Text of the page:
Sign up for a weekly roundup of thought-provoking ideas and debates

This question is likely to be answered soon, now that the Treasury Department inspector general is investigating whether Florida Gov. Ron DeSantis (R) improperly drew from a fund created by the 2021 covid-19 rescue act to help states recover from the pandemic when he flew migrants to Martha’s Vineyard.
The flights — which originated in Texas — were paid for by interest earned on that covid money. The state of Florida budgeted a total of $12 million of that interest for a program for transporting migrants, around $600,000 of which reportedly funded the flights to Martha’s Vineyard. DeSantis has threatened to pay for future flights with remaining funds.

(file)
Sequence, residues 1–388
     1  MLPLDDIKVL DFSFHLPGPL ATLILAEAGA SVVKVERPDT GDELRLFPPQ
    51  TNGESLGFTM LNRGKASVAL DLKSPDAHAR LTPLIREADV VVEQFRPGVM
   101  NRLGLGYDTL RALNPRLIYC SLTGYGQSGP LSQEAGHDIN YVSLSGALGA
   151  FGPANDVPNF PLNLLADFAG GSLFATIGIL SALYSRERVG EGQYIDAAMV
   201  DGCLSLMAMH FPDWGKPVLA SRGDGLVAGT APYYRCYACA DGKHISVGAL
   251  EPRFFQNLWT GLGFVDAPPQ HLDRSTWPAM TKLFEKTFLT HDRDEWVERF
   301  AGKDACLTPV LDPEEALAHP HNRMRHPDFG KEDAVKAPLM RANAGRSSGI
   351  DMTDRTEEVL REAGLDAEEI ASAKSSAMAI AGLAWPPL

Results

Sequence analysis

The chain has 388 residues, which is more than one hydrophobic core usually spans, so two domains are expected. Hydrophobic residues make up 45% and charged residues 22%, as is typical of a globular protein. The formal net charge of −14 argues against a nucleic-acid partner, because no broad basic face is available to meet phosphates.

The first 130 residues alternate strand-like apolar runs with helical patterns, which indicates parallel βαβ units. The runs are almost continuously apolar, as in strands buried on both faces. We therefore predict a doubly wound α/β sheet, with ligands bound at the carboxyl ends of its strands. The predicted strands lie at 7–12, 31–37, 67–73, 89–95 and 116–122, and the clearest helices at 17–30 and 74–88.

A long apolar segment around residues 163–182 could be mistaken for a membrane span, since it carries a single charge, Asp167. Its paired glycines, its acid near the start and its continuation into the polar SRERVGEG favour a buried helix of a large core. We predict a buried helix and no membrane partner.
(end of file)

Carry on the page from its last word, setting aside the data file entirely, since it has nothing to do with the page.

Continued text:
But now Treasury’s inspector general is examining whether this use of covid-related funding for immigration purposes is improper. Under federal law, misuse would mean the state owes an equivalent amount back to the federal government, according to the office of Sen. Edward J. Markey (D-Mass.), who requested the probe.
Image without a caption

Follow Greg Sargent's opinionsFollow

This, all because DeSantis badly wanted to play catch-up with fellow Republican Gov. Greg Abbott of Texas, who’s basking in Fox News love for busing thousands of migrants to other liberal strongholds.
The whole saga has devolved into an utter farce. The $12 million fund was specifically earmarked for the transport of migrants “from this state,” which apparently required DeSantis to fly the migrants to Florida first before heading on to Massachusetts. The program has been hit with a lawsuit alleging the migrants were misled in a pageant of slapstick buffoonery.